The operator's bad day cannot simply be put down to that - a bad day. But neither does it smack of negligence. Seems to me that they might need re or continuation training.



posted on Sep, 9 2007 @ 04:59 PM
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Must be something about S.A. (I am a South African and this makes me proud to be).

Ever heard of what the Boere did to the British during the Anglo-Boer War? Same thing, different time and setting.



posted on Sep, 9 2007 @ 06:13 PM
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Dont forget that the skill of the captain most likely was critical for this.



posted on Sep, 10 2007 @ 09:00 AM
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I'm wondering if the sub had to actually fire (either practice torpedoes or a 'water slug from the tube would work), or if he got credit for a kill for getting into firing position and staying there for a period of time. I find it hard to believe that the launch transients for a torpedo spread (and possibly the transit noise from the torpedoes) didn't give *somebody* a plot, no matter how good the sub or its crew.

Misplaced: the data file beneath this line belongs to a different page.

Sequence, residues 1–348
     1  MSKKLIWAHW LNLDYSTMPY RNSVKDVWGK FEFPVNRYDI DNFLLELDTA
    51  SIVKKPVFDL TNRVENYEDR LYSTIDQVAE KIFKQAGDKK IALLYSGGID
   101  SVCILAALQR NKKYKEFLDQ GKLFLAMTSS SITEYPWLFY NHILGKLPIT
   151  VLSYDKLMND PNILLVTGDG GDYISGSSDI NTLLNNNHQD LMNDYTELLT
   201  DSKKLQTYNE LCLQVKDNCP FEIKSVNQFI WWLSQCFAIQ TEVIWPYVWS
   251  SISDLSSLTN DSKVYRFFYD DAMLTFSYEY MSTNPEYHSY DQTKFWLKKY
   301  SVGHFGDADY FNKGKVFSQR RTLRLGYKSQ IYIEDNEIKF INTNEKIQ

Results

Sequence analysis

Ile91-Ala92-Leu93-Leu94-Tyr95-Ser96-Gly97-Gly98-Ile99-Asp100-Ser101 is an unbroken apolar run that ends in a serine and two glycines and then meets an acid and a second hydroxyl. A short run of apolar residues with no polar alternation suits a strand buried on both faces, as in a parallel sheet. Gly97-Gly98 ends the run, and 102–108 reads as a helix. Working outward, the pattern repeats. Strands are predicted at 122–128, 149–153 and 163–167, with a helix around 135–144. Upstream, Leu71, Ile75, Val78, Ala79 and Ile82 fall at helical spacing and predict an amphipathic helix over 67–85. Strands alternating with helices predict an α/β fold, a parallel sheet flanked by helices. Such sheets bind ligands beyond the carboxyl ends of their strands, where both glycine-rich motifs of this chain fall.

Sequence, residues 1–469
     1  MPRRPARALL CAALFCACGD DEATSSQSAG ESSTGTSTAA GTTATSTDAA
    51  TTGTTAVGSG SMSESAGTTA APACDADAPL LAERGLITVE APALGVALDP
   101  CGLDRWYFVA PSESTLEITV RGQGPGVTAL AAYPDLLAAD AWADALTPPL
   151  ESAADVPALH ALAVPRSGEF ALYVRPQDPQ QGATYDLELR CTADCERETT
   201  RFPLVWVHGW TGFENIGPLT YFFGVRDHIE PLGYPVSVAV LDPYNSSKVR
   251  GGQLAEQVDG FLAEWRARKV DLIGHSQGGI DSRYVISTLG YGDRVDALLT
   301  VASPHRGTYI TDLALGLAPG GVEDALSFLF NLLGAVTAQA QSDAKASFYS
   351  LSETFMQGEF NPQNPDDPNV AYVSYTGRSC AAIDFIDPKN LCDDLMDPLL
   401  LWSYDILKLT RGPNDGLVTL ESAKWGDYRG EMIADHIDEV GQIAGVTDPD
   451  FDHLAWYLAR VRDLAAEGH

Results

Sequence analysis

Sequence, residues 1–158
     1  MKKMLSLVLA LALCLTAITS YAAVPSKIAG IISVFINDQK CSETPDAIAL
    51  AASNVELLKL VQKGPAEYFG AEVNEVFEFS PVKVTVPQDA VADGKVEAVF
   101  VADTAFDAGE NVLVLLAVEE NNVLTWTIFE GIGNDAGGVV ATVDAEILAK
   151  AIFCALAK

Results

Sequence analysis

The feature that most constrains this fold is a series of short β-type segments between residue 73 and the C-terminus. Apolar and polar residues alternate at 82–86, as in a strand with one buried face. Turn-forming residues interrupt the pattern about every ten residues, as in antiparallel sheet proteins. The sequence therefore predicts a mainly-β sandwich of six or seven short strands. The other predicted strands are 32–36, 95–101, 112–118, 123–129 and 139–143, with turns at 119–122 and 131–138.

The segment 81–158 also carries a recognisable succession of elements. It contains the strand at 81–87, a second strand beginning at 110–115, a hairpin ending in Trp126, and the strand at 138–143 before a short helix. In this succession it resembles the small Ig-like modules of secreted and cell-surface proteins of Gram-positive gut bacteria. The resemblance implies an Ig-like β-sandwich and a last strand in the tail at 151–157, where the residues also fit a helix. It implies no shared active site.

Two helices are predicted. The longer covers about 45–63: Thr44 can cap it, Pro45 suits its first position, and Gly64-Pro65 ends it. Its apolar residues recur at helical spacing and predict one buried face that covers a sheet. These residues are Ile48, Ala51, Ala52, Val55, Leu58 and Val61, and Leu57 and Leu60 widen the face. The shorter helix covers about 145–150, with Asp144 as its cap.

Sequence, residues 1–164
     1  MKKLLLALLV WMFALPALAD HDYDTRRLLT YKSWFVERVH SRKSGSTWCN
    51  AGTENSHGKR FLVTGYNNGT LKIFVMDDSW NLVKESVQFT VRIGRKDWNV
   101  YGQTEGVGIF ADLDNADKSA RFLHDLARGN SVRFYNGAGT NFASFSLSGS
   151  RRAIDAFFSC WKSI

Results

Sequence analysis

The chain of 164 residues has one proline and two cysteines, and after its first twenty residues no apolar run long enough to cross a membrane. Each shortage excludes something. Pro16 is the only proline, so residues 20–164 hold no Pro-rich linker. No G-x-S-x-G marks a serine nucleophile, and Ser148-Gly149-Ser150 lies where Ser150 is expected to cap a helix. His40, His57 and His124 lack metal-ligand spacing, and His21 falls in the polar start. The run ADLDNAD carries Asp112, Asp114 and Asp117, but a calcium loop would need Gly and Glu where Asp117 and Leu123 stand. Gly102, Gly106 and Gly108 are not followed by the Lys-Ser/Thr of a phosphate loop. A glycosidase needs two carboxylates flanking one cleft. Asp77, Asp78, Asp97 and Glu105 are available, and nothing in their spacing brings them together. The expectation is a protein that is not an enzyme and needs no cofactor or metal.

posted on Sep, 10 2007 @ 09:21 AM
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^^^

Good question..

I am also unaware of the SOPs in such exercises
Esp where the sinking of a surface vessel is more of an exact science in targetting while the converse is quite a trial and error approach with depth charges and the likes.

And that's where statements like 'sunk a whole fleet' or 'sunk a carrier' make you wonder what exactly transpired.



posted on Sep, 10 2007 @ 09:24 AM
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Originally posted by J.Smit
Must be something about S.A. (I am a South African and this makes me proud to be).

Ever heard of what the Boere did to the British during the Anglo-Boer War? Same thing, different time and setting.


Super boeren!! hehe
In fact it were the boers[1e vryheidsoorlog] who invented the stealth and guerilla warfare[and they were outstanding snipers]